London is not a city, rather a collection of little towns and villages patchworked together like a Gustav Klimt. Nowhere else will you encounter in one space a collection of people from so many walks of life both culturally and socially. Well, nowhere except London.
Pimlico, Chelsea and Knightsbridge you associate with wealth and class. Notting Hill and Primrose Hill – the rich and famous. Greenwich; Royal history. Camden; those in need of a good bath. But what about one of my favourite London Neighbourhoods, Spitalfields and Brick Lane?
What does this East London neighbourhood have to offer? What’s the story behind Brick Lane and Spitalfields? And, what is worth exploring once you’ve seen the markets and tasted the curries on Brick Lane?
pin for later…
Exploring Spitalfields and Brick Lane in London – A Bit Of History
So, you’ve visited Big Ben and Buckingham Palace, done Harrods and Liberty’s and caught sight of pretty much every iconic landmark London has to offer from an open top bus tour, but now you want something more, something a bit different. You want to feel some history and absorb a bit of London culture, discover some hidden gems, experience real city life and visit the places the locals go. Well, you’ve come to the right place – Spitalfields and Brick Lane is a thriving neighbourhood with so much to see and do and well worth at least a day of your London vacation.
Before you set off exploring this quirky, unique east London neighbourhood and become confused by the minestrone soup of architecture and styles you’re about to encounter, let me give you a backstory that clears up a few questions.
The St Mary Spital Hospital, from where Spitalfields gets its name, was founded in 1197 in a fairly rural area of London but started to become more populated when a twice weekly market was held at Spital Square. The Great Fire Of London in 1666 forced many people to relocate outside of the original city walls and the East End became an area that attracted trades and the working classes.
In the 1600’s, Louis XIV of France started persecuting the Protestants in his country leaving many with only the option of fleeing their homeland or renouncing their faith. London was always seen as an international city and celebrated diversity, even back then, and the French Huguenots were warmly welcomed to the capital. Before they arrived, £63,000 was raised in order to house the new immigrants and Charles II set up a charity on their behalf, what a good fellow.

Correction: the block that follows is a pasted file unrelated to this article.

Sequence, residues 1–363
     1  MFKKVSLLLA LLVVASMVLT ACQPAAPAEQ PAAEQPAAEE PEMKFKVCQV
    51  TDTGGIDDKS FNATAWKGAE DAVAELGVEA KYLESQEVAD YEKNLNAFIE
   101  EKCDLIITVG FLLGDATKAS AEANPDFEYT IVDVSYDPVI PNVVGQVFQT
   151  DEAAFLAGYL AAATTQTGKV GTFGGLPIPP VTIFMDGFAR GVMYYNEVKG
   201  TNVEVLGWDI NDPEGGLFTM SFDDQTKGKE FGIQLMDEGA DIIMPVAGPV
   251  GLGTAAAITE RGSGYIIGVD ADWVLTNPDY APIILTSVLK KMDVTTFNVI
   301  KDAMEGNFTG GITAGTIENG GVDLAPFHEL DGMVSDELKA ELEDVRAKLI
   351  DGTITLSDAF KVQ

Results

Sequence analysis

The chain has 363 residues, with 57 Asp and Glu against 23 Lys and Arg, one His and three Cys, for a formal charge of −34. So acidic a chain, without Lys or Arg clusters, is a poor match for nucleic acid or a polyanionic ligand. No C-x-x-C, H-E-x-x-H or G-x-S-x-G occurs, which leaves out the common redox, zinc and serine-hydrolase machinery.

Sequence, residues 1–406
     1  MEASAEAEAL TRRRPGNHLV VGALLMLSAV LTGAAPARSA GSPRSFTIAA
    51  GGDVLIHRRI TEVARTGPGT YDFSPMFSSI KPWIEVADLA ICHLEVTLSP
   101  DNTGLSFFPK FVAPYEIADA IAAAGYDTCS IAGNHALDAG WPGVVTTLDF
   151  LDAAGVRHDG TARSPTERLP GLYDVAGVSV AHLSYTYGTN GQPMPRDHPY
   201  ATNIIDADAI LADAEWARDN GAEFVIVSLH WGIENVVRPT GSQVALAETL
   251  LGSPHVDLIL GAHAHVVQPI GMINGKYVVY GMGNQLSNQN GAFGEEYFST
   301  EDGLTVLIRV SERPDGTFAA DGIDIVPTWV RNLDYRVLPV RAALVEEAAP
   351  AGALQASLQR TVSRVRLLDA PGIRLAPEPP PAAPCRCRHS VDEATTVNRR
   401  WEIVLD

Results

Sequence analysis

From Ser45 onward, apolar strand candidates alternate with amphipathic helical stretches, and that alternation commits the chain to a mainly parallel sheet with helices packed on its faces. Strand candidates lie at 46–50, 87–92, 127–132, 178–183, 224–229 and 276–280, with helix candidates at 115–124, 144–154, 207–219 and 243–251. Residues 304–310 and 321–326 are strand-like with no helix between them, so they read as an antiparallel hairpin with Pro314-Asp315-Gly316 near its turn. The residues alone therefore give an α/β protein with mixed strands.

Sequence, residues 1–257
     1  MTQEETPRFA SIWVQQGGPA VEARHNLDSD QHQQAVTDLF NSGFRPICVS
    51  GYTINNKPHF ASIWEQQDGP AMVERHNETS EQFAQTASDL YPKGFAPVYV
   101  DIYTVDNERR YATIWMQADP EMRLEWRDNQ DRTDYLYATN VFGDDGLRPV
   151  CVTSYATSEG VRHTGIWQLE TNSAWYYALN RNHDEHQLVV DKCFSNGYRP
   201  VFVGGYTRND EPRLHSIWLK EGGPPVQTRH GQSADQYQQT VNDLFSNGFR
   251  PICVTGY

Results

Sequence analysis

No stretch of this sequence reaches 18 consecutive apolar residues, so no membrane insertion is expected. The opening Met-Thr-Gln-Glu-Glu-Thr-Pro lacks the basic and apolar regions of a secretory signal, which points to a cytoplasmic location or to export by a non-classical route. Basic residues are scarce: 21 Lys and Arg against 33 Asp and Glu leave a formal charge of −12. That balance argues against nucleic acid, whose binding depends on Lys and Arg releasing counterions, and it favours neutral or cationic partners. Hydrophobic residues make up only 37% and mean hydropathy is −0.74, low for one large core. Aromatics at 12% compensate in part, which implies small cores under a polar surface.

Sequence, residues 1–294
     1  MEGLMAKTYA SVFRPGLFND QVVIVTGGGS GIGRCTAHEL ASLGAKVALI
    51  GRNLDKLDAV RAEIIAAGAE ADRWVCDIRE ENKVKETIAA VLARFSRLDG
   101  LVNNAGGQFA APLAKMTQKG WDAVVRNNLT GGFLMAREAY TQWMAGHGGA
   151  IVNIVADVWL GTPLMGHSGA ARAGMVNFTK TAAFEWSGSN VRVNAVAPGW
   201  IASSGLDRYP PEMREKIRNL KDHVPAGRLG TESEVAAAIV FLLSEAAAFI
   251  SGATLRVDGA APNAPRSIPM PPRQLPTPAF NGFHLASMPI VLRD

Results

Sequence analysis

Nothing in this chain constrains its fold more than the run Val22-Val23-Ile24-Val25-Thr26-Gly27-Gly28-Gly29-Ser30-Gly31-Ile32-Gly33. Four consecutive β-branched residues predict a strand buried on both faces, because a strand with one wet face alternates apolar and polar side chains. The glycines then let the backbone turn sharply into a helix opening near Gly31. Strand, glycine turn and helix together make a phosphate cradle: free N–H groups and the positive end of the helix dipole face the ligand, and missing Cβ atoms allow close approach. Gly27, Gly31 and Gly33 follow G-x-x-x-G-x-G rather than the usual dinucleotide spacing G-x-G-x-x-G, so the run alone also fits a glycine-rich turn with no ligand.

They brought with them the art of silk weaving and houses were built in Spitalfields to accommodate this new trade. On Fournier Street and Princelet Street off Brick Lane, you can still see some evidence of the Huguenots presence by the wooden spools which hang above the doors to commemorate the homes where the weavers lived. Large houses with large windows so that the French could work with natural light later into the evening plus, being out of the city centre they were exempt from certain taxes. Later the Irish linen workers came to find work in the area too.
With the decline of silk as a fashion and ‘tailoring’ being more the haute couture of the day, Jewish refugees saw a gap in the market and jumped into Spitalfields in the wake of the Huguenots, drawn to the textile industry. From the 1880’s to the 1970’s Spitalfields was one of the largest Jewish communities in Europe with over 40 synagogues.
Spitalfields was an undesirable area at this point in history. The fumes of the city were blown east and the air was thick and dirty. Some of the worst slums around painted the backdrop of rife prostitution, crime and cholera outbreaks. As if life wasn’t bad enough a serial killer was also on the loose – Jack the Ripper was claiming victims left right and centre.
By the 1970’s most of the Jews had moved on and an influx of Bangladeshi immigrants were bringing new colour and scents to a fresh community. Brick Lane, or Banglatown as it is affectionately known today, is where you’ll find some of the best curry houses in the country.